Teacher Ginny Smith is sitting in a rocking chair, her second graders arrayed around her on the rug, trying to decide which animal to research and write about—quite a grown-up project for these small children.
“Leopards!” says Chloe. “No, bush babies!”
Alyza is thinking about orangutans, or maybe rhinos.
Smith urges them to make up their minds.
Eliel picks cheetahs. Another boy thinks he’ll write about dragons. “Dragons aren’t real!” says a girl, excited to contribute.
The “special skill of the day” posted on the wall is “Don’t blurt out when the teacher is talking,” but they have a little way to go on that one.
Welcome to Edmunds Elementary School in Des Moines, Iowa.
Iowa is a heartland, cornfield state, but it is also home to gritty, urban neighborhoods and “persistently low-achieving schools” in the language of the federal School Improvement Grant program. Edmunds Elementary, sitting next door to a housing project with a large population of refugees from East African civil wars, is one of those schools; one of the National Education Association’s priority schools currently undergoing the transformation process.
Along with the African refugees, there are other immigrants, like a girl whose parents had to take her back to Mexico last winter because they had no work in Des Moines. That meant the girl missed months of school.
This year, Smith was talking with the parents about having their daughter live with her for the winter so she could continue her education. In the end, the parents stayed so it wasn’t necessary. But that’s the kind of dedication you can’t see by reading standardized test score reports—only by visiting the school.
From the outside, Edmunds is a strange-looking building: round, white, low-to-the-ground, no windows. Inside, there’s a rising, spiral ramp in the center with classrooms jutting out from the ramp like giant leaves on a vine. It’s all one big open space, divided only by five-foot partitions to which teachers have added bookcases, plants, charts, photos, alphabets, and inspirational writings:
“The Edmunds Pledge: I pledge to accelerate my mind. I always do my best as I work and play.”
It feels like one warm, busy, learning community, but teachers don’t like the building because although disruptions are rare, when they do happen, the noise can careen through the whole school. A new building is on the drawing board, and teachers have made three big requests of the architects: walls, windows, and doors.
This year and spread over two more years, Edmunds has $2.7 million in SIG funds. In a school of 224 students, that’s serious money. At Edmunds, the money is getting spent on a computer lab and technology coordinator, kindergarten paras, and a math lead teacher, among other things. It can’t be used to “supplant” district funding, which means it can’t buy more of something that the district already provides—like more classroom teachers or ELL teachers like Dustin Hockman (learn more about Hockman’s work on the Priority Schools Campaign blog).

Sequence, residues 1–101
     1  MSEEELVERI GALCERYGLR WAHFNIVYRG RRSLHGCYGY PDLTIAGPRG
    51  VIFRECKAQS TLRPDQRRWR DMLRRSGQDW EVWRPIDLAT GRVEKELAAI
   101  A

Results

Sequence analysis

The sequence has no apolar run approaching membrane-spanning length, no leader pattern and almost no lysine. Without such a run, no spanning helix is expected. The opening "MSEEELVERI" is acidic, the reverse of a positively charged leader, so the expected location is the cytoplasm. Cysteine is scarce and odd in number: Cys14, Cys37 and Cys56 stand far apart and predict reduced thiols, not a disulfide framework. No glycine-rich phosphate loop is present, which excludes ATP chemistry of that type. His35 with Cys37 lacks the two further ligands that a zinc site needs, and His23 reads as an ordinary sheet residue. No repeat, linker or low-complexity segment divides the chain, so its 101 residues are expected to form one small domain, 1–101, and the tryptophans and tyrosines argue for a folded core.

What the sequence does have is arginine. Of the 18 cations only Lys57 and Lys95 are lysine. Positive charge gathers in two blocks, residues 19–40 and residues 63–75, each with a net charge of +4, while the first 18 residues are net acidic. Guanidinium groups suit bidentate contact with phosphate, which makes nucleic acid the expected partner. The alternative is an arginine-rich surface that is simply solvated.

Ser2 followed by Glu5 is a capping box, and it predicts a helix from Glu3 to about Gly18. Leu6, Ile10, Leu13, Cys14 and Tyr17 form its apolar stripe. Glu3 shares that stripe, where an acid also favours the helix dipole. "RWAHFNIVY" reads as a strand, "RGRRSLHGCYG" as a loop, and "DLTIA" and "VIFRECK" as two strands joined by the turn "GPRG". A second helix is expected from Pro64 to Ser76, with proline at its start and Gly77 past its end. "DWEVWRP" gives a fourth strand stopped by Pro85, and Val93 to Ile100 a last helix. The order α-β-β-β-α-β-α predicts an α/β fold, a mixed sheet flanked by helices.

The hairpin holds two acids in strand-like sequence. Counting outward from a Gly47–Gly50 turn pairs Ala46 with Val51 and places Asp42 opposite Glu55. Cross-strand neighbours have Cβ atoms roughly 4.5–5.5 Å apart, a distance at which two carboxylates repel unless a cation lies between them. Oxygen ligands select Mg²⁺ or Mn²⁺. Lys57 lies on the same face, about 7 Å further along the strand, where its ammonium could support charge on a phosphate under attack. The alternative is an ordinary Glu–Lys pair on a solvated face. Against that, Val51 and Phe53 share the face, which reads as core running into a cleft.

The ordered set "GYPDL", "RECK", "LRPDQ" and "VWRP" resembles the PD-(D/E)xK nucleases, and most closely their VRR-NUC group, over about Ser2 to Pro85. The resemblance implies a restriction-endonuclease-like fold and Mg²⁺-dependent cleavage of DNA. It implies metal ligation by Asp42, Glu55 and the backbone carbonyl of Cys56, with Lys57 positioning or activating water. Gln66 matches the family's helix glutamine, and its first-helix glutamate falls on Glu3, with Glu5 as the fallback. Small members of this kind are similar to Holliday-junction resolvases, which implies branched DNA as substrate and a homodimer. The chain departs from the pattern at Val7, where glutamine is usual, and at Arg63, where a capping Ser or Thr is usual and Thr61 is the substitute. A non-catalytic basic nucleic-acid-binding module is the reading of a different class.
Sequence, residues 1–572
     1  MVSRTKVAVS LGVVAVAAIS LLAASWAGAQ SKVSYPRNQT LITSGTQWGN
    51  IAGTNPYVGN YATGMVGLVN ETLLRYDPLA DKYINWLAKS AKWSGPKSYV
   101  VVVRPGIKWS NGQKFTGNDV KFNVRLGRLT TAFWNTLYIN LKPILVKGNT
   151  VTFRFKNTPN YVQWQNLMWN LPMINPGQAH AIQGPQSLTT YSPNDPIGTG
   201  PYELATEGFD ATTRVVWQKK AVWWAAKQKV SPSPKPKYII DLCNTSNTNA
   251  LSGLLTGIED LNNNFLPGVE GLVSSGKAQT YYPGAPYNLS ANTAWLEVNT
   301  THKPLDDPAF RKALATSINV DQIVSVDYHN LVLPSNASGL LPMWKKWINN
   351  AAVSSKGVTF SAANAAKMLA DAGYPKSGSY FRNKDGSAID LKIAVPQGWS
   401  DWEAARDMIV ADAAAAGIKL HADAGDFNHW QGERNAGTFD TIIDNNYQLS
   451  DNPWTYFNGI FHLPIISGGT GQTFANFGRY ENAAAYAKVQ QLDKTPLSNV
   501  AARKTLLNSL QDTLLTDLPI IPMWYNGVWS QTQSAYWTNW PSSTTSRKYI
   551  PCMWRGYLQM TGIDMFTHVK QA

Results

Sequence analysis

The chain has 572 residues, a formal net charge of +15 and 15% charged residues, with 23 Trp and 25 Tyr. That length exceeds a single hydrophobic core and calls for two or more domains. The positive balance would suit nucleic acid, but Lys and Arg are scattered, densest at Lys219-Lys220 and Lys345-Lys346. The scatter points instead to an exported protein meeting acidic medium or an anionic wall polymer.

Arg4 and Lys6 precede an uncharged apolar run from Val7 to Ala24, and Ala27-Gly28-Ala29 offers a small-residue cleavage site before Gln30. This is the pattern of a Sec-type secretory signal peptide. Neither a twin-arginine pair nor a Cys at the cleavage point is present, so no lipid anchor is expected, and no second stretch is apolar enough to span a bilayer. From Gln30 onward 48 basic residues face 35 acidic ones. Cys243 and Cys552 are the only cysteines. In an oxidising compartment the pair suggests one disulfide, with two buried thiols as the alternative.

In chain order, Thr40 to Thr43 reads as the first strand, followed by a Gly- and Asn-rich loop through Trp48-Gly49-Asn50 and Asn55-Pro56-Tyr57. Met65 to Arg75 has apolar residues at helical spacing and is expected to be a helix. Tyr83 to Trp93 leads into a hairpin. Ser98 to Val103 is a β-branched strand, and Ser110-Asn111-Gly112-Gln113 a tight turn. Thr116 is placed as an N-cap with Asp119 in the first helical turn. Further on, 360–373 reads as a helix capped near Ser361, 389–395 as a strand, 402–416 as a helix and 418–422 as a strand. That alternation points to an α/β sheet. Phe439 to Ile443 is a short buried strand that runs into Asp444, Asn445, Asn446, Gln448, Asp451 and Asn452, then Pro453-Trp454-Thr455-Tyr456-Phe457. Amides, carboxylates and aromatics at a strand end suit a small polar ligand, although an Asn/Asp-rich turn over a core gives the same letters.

Edmunds’ student population is zooming—from 127 two years ago when it was almost closed down, to more than 180 last year, and 224 today. Partly, that’s because the district stopped busing ELL students from the housing project next door out to other schools, and instead hired Hockman, along with another teacher who’s there part of her day.
Last year, Ginny Smith had 28 students. That’s a lot of second graders, especially considering the potential for cultural misunderstandings and clashes. This year, the Des Moines district added four classroom teachers to the staff and Smith is now working with 14. She can give them individual attention, passing on her own love for writing and discovery. Alyza, who finally settled on rhinos, runs over to report, “His horn is really thick hair!”
A little way down the spiral ramp is Valerie Wilcox’s third grade class. She had 32 last year. Now she has 15 and she’s teaching them about text features like headlines, photos, captions, maps. The subject of the text is a controversial plan to build a highway through the Serengeti National Park, crossing a zebra migration route.
“In Somalia, they call it a horse,” says Ibrahim.
Mohamed talks about the danger that hyenas pose to sheep, and how his father hit them with a big stick to chase them away.
A girl with glasses has a solution for the zebras: build a bridge so they can run underneath. But a boy in brown thinks that wouldn’t work: “Someone could blow it up.”
In the back sits a refugee from Iraq, fingers curled in front of his face, almost covering his eyes.
Wilcox says he spent a year never able to go outside his apartment because of constant bombings. She’s gradually helping him feel safe and he’s made a lot of progress, but still sometimes cringes when there’s a stranger present.
Wilcox, like her colleagues, is at Edmunds because she wants to be. With 10 years experience, she says, “I could transfer to another school. But my two sisters went to this school. I have the children of my high school classmates in my class.
“You don’t walk away from your community.”
Photo on main page by Jill Brown Photography